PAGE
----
If the irony of Figure 1 is religious groups scrutinizing the self-imposed contradictions of public safety efforts on religious fellowship and ritual life, and the satire of Figure 2 is humanist ridicule of religious response to the pandemic, Figure 3 presents a parody that spoofs a familiar visual motif and credulous viewers of it by substituting Dr. Anthony Fauci for the Sacred Heart of Jesus.
Religion and science get related in a variety of ways, but one of them is comfort, especially in a time like the present. People want to know this isn’t the end of the world, that the pandemic will end, that science will mercifully intervene with a vaccination. Science is modernity’s answer to disasters. More than government, more than religion, people expect something decisive from the folks in white lab coats. This is clear if we take the substitution of scientist for Jesus in this image to address the greater hope American’s pin on Fauci than on Trump, whose authority on public health withers beside Fauci, the director of the National Institute of Allergy and Infectious Diseases, and the White House eminence grise on the pandemic. But that may be pushing it. The image may be neither critique nor lament, neither irony nor satire. Nor is it part of a Habermasian public sphere, waging a rational argument that might persuade viewers regarding some claim. Is there an argument at work in the image’s features? It seems to poke fun at the notion that religion and science combined are the greater prophylactic than either by itself.
The choice of a Sacred Heart candle is noteworthy. The image-maker did not choose an example of Jesus on the cross. That would have struck many as weird and others as sacrilegious. And it would risk miscommunication: Fauci is not suffering in any significant way. He is not Christ-like in that way. He is rather the reliable spokesman to whom the media (and therefore many of us) look for measured, scientifically grounded announcements on the progression of the disease and what to do about it. Given his new prominence in the public eye, it is also possible that the image was produced as a piece of satire mocking popular confidence in Fauci, who is viewed by many Trump supporters as untrustworthy, a wolf in sheep’s clothing, grazing in the West Wing.
But if we stay with the image as parody, the Sacred Heart motif may have been chosen for its connotation of the kind of religion that sits quaintly on a shelf, in the background of everyday life, where it provides comfort and assurance. The candle is a kind of night light, offering confidence to the child during the night. A reassuring shimmer that keeps the bogey man at bay. The comforting glow of this Sacred Heart of Science is a guiding light. It is the sort of message the general public might appreciate. But the use of the motif in Figure 3 may being using religion to parody a naïve exaltation of science.
But if that’s going too far, the image undeniably exhibits a high degree of visual craft. It elicited a double take when I first saw it. Perhaps the enchantment of the result lies mostly in the deft use of Photoshop to carry out the substitution. For a moment, it looks like the Sacred Heart. The well-executed technique fools the eye, if only for an instant. The quick discovery of the forgery is the point, the amusing jolt that evokes a laugh. This is a case in which the anthropologist Alfred Gell is right to argue that technological enchantment can produce a ‘wow’ that is enchanting.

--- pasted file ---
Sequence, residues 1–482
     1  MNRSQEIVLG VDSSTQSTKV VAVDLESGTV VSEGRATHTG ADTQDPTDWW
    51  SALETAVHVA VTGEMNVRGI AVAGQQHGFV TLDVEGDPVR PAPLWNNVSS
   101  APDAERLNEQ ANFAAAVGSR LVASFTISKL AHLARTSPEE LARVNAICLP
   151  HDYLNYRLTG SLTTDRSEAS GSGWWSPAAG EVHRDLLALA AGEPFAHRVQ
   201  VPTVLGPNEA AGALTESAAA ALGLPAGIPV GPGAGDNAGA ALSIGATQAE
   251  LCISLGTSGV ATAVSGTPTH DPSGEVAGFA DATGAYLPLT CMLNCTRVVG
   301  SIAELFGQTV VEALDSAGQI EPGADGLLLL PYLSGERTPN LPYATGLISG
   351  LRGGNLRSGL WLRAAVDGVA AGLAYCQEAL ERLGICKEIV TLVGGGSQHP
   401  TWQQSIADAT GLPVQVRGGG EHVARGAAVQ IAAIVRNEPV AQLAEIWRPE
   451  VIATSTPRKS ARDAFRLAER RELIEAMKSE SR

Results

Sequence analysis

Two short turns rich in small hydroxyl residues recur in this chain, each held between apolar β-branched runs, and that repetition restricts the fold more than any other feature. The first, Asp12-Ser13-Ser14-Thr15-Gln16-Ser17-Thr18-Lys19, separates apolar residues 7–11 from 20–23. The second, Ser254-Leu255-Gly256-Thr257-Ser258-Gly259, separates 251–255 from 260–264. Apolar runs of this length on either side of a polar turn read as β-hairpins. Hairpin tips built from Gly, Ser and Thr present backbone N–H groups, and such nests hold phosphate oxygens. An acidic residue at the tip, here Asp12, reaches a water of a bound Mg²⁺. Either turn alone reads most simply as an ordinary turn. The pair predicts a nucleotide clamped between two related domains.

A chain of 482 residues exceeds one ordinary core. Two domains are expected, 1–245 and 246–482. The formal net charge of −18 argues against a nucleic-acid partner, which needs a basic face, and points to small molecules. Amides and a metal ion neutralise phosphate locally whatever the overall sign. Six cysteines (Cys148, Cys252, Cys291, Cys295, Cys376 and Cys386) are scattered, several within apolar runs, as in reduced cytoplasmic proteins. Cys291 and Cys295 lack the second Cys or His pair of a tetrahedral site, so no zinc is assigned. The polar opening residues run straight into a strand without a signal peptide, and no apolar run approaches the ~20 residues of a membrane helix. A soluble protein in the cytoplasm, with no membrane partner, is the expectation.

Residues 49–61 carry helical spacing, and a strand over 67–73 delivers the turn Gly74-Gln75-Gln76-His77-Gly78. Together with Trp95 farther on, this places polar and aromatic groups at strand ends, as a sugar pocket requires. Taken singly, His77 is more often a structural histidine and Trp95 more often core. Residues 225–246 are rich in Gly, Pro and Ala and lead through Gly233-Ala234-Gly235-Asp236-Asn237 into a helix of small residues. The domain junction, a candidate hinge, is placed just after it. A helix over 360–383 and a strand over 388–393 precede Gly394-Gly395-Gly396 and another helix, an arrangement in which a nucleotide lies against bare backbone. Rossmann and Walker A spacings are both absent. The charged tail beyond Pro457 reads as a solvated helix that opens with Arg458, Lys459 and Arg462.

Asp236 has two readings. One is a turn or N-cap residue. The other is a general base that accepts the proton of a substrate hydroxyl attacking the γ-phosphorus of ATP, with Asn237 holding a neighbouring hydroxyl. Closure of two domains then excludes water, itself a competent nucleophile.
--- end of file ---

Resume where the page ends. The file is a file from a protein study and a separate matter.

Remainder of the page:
The three instances of humor considered here set out to construct different views of religion in the public response to the pandemic. The irony of Figure 1 wryly notes the inversion of normal circumstances. Consider a dictionary definition of the term: irony is “the expression of one’s meaning by using language that normally signifies the opposite, typically for humorous or emphatic effect” (Lexico.com). The satire of Figure 2 derisively pits the weakness of religion and its political proponents against a grim adversary. Satire: “The use of humor, irony, exaggeration, or ridicule to expose and criticize people’s stupidity or vices, particularly in the context of contemporary politics and other topical issues”. And the parody of Figure 3 spoofs the viewer’s unrealistic expectations in a momentary deception. Parody: “An imitation of the style of a particular writer, artist, or genre with deliberate exaggeration for comic effect”. Three ways of thinking about religion in the time of pandemic: irony’s self-criticism of religion, satire’s mockery of it, and parody’s use of religion to unveil the naïve sacralization of science. Of course, such anatomizing comes at the expense of the humor itself, reminding us of what E. B. White wisely observed: “Analyzing humor is like dissecting a frog. Few people are interested and the frog dies of it.” That’s true enough, but discerning how humor about religion frames the perception of the pandemic is worth the frog.
David Morgan is professor of Religious Studies at Duke University.
Click here to read Birgit Meyer’s recent interview with David in the context of his recent visit to Utrecht.